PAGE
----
Can the ECB pivot?
A change of language does not represent a change of strategy.
Some are interpreting the ECB’s policy statement last week as signalling a dovish pivot. But the ECB can only relax once core inflation has clearly peaked;
Looking at service inflation from a cross-country perspective, there is still a long way to go for policy this cycle.
We have moved a long way in rates this year already. This is hardly surprising given the acceleration in headline and, more important, core inflation throughout the year consistent with our previous analysis (see link)
Recently, though inflation has not yet peaked, the market appears to be sniffing out possible a pivot (which we define as a shift to more dovish rhetoric), with the Bank of Canada and Reserve Bank of Australia already embarking on smaller hikes and the ECB this past week perhaps suggesting hikes will slow from here.
Indeed, at the policy meeting last week, the ECB’s policy statement included a subtle change of language. The policy statement noted that their second 75bps rate hike in recent months hike means they have now “made substantial progress in withdrawing monetary policy accommodation… [and they] will base the future policy rate path on the evolving outlook for inflation and the economy, following its meeting-by-meeting approach.”
The latter language has been tweaked to reference the “economy” as opposed to just inflation, pointing to recession concern.
How likely is it that the policy decision represents a meaningful dovish pivot?
Well, we would first note, with strong sense of irony, that the Governing Council has trouble with time consistency in decision-making.
A version of this was on display last week when the terms of the Targeted Long-Term Repo operations—which turned out to be very generous to the banks—were changed (“recalibrated”) by the ECB. This complicates interactions between banks and the ECB in the future given the latter can change the terms of lending retrospectively.
But back to the issue of rate setting.
The Governing Council and President Lagarde have demonstrated on at least three occasions in recent months an inability to stick to their policy plans.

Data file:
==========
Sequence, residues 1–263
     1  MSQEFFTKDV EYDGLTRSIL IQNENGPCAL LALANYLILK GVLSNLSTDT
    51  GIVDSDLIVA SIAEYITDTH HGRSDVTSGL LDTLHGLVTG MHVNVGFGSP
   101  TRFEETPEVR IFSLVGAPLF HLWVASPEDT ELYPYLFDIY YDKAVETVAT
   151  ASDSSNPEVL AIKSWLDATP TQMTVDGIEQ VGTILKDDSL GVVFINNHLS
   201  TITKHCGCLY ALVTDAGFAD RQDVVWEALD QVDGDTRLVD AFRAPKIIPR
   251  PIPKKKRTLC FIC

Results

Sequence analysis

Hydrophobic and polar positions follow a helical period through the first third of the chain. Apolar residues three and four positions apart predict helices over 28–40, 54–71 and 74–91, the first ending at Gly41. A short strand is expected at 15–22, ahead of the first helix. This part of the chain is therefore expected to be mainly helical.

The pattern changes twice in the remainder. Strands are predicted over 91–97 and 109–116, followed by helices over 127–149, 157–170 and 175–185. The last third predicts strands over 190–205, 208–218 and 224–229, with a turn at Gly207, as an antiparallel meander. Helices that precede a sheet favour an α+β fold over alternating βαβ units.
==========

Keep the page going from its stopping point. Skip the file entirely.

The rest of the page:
Initially, earlier this year—in keeping with their Strategy Review—the plan was to delay any hikes until well after net asset purchases were brought to an end. But this was abandoned at the first opportunity.
And at the time they abandoned this initial forward-guidance in June, the Governing Council also signalled the intention to raise rates by 25bps at the next meeting in July—only to hike by 50bps when the time came.
Then only in September, President Lagarde suggested “it will take several meetings” to get rates to a level consistent with their price stability mandate, meaning “probably more than two [meetings], including this one, but it's probably also going to be less than five.” Yet last week, when pressed about the language on future rate increases, Lagarde was more circumspect: “We know the path, we know the journey, we know the destination—which is not as clear as a figure that you would like to pin down because we cannot do that. We simply cannot do that.”
A sensible approach to any policy guidance right now is to not believe anything that President Lagarde says. She doesn’t know. And their meeting-by-meeting approach is acknowledgement that they have no policy strategy except to argue it out at every meeting depending on the evolution of inflation data.
And since they don’t yet know what inflation will be doing in 3 months, and therefore how panicked they will be at that time, it is best instead to ignore their signalling and think about the inflation dynamic, as we do below.